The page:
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School of Biological and Behavioural Sciences

Starfish hold the key to understanding neurohormone evolution

Research from academics at Queen Mary University of London School of Biological and Behavioural Sciences, published today in PNAS, has revealed a new perspective on the evolutionary origin of a neurohormone that regulates growth in humans.

Starfish laying over each other

Specimens of the common European starfish Asterias rubens; photograph taken by Ana B. Tinoco

Neurohormones are chemical messenger molecules that are released by neurons in the brain and then enter the bloodstream, where they travel to other target sites within the body. The neurohormone somatostatin inhibits release of growth hormone from the pituitary gland. Furthermore, analogs of somatostatin are used therapeutically to treat growth disorders such as gigantism and acromegaly.

Insects also produce a somatostatin-like substance that regulates growth-related processes and it is known as allatostatin-C. Somatostatin and allatostatin-C were previously thought to be orthologous, i.e., equivalent neurohormones in humans and insects that evolved from one common ancestral gene after evolution had given rise to different species.

This was until the researchers discovered that starfish have both neurohormones. Thus, the researchers have obtained evidence that somatostatin and allatostatin-C are paralogous, meaning that in the common ancestor of vertebrates, starfish and insects there would have been a gene duplication that gave rise to both hormones. But only one of the neurohormones was retained in vertebrates (somatostatin) and insects (allatostatin-C).

The researchers then proceeded to investigate the roles of the two neurohormones in starfish and discovered that they have opposing effects on muscles – with the somatostatin-type molecule having inhibitory (relaxing) effects and the allatostatin-C-type molecule having excitatory (contracting) effects.

Dr. Ya Zhang, who contributed to the study as part of her PhD studies at Queen Mary University of London, said, “This completely changes the way in which anyone working on somatostatin/allatostatin-C-type neurohormones approaches interpretation of their findings. If you want to make direct comparisons between species, you need to be sure you are looking at the equivalent genes and not a paralogue. It makes a big difference in terms of what functions they might have.”

The value of studying starfish

Echinoderms (starfish, sea urchins, sea cucumbers) are the only animal phylum so far where both of these neurohormones are found together, which emphasises the importance of studying a range of different model species.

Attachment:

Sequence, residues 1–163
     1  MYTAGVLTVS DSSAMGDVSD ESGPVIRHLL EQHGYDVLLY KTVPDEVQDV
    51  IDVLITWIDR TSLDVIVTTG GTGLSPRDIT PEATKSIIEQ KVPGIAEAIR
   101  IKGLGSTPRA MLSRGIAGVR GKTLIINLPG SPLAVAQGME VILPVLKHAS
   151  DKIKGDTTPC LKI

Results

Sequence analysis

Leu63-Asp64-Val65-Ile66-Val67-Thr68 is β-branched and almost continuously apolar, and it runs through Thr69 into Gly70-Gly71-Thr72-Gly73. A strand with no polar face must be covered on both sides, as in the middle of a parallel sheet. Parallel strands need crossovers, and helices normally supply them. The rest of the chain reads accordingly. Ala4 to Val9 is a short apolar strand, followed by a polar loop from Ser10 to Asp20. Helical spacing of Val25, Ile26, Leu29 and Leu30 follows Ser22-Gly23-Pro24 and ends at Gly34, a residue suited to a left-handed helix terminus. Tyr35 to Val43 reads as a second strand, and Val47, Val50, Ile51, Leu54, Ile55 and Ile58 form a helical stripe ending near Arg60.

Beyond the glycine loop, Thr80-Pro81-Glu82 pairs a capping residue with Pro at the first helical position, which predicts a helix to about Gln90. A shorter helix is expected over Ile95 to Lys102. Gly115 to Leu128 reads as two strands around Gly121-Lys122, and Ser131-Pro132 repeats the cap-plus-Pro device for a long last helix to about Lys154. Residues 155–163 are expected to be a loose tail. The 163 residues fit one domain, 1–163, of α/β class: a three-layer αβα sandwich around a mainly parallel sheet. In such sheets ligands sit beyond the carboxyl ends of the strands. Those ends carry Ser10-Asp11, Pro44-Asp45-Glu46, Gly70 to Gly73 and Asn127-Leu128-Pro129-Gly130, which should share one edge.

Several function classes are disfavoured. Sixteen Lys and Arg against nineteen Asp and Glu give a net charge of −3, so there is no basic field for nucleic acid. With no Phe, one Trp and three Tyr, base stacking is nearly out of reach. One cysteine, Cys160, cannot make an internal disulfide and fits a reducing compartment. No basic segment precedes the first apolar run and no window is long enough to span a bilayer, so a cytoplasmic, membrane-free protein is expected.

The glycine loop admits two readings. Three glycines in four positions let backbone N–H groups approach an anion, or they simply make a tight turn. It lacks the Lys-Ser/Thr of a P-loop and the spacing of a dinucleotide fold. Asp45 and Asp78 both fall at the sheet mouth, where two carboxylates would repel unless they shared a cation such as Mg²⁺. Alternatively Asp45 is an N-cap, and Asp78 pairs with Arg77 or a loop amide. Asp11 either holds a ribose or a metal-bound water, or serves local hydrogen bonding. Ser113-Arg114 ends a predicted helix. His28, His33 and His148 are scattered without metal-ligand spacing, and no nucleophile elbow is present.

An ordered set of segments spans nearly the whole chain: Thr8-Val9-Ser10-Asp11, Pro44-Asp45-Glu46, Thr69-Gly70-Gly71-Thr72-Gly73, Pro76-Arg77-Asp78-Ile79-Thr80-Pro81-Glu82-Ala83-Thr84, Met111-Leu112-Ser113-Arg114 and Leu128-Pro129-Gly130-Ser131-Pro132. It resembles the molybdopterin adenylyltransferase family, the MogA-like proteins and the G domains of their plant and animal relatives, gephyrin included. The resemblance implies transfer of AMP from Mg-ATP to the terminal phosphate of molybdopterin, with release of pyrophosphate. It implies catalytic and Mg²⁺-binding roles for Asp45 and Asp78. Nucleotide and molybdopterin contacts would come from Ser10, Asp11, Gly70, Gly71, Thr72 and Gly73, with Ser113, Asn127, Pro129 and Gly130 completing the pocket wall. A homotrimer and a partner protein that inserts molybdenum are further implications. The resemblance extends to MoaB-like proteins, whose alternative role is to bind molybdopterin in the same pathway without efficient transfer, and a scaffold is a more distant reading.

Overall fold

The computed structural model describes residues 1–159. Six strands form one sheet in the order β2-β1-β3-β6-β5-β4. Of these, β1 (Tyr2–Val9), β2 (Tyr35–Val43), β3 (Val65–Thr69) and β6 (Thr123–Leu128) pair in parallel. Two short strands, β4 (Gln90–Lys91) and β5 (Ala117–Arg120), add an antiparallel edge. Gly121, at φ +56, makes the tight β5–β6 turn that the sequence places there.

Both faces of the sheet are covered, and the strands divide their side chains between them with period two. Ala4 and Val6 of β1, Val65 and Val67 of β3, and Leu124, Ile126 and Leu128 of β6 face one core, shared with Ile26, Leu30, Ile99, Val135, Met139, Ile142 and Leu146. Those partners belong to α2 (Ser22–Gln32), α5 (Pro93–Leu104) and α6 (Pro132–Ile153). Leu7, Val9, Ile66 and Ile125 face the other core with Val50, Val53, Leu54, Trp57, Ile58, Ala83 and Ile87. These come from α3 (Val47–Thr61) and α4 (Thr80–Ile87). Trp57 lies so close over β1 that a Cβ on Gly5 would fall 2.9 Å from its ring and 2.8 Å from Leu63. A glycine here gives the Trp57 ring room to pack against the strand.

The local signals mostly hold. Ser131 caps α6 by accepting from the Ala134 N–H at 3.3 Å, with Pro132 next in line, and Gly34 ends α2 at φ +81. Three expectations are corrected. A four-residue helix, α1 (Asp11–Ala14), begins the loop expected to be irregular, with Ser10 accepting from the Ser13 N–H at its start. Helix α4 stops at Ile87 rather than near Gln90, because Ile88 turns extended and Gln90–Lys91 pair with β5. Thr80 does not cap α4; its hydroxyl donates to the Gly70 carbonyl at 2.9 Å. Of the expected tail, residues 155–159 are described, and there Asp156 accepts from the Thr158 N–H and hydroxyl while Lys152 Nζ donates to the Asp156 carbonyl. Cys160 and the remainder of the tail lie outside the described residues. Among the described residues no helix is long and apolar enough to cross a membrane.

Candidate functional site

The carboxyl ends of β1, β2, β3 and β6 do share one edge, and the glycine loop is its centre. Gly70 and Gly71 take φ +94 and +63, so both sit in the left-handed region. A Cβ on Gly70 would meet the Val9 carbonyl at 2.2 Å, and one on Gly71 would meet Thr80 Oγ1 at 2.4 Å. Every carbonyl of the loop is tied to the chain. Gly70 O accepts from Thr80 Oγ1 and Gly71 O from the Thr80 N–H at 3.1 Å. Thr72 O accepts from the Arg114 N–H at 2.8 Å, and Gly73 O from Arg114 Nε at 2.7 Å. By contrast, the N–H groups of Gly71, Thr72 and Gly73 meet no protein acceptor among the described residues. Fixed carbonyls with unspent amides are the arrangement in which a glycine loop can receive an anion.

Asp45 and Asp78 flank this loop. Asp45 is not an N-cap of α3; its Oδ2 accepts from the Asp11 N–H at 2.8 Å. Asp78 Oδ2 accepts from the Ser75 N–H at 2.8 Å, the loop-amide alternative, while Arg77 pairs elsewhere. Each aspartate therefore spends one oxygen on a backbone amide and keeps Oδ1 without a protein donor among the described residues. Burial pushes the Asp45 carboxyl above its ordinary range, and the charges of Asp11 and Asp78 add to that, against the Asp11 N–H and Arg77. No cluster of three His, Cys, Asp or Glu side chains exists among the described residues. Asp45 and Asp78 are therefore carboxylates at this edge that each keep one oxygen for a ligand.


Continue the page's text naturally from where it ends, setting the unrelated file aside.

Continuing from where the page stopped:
Maurice Elphick, Professor of Animal Physiology & Neuroscience and lead author of the study said, “One of the reasons why we work on starfish is because they are fascinating of course, but also because they are an animal that appears to have retained ancestral genes to a greater extent than other more often-studied animals, such as vertebrates and insects.”

The researchers found that in starfish, the two neurohormones have diverged extensively in terms of their function, which is likely why they have both been retained. Whereas it is speculated that both neurohormones have not been retained in other animals as they have similar functions and are therefore dispensable. However, it is not fully understood how the two neurohormones exert their opposing effects in starfish, and future research will be directed toward addressing this.

How did they go about this?

Discovery and characterisation of the genes encoding the two neurohormones in starfish was facilitated by sequencing of the genome of the common starfish Asterias rubens, which was accomplished by a collaboration between Prof. Elphick’s group and the Wellcome Sanger Institute as part of the 25 Genomes Project and Darwin Tree of Life Project. The genome enabled the researchers to analyse the sequences, structures and chromosomal positions of the genes encoding the two neurohormones in comparison with other animals.  

To investigate where the two neurohormones are produced within the starfish body the researchers used techniques known as mRNA in situ hybridisation and immunohistochemistry, which enabled visualisation of expression of the genes encoding the neurohormones and the neurohormones themselves in cells. Then to investigate the roles of the neurohormones in starfish, pharmacological experiments were performed to test the effects of the neurohormones on three different muscles/organs from the animal. The allatostatin-C-type molecule was found to cause muscle contraction in all cases, contrasting with findings of a previous study by Zhang et al., which reported that the somatostatin-type molecule causes muscle relaxation.

The research was supported by funding from the Biotechnology and Biological Sciences Research Council, Leverhulme Trust, China Scholarship Council, Mexican Council of Science and Technology (CONACyT) and Queen Mary University of London.

More information 

Ya Zhang, Luis Alfonso Yañez-Guerra, Ana B. Tinoco, Nayeli Escudero Castelán, Michaela Egertová, Maurice R. Elphick (2022) Somatostatin-type and allatostatin-C-type neuropeptides are paralogous and have opposing myoregulatory roles in an echinoderm. Proc. Natl. Acad. Sci. USA, 119, e2113589199



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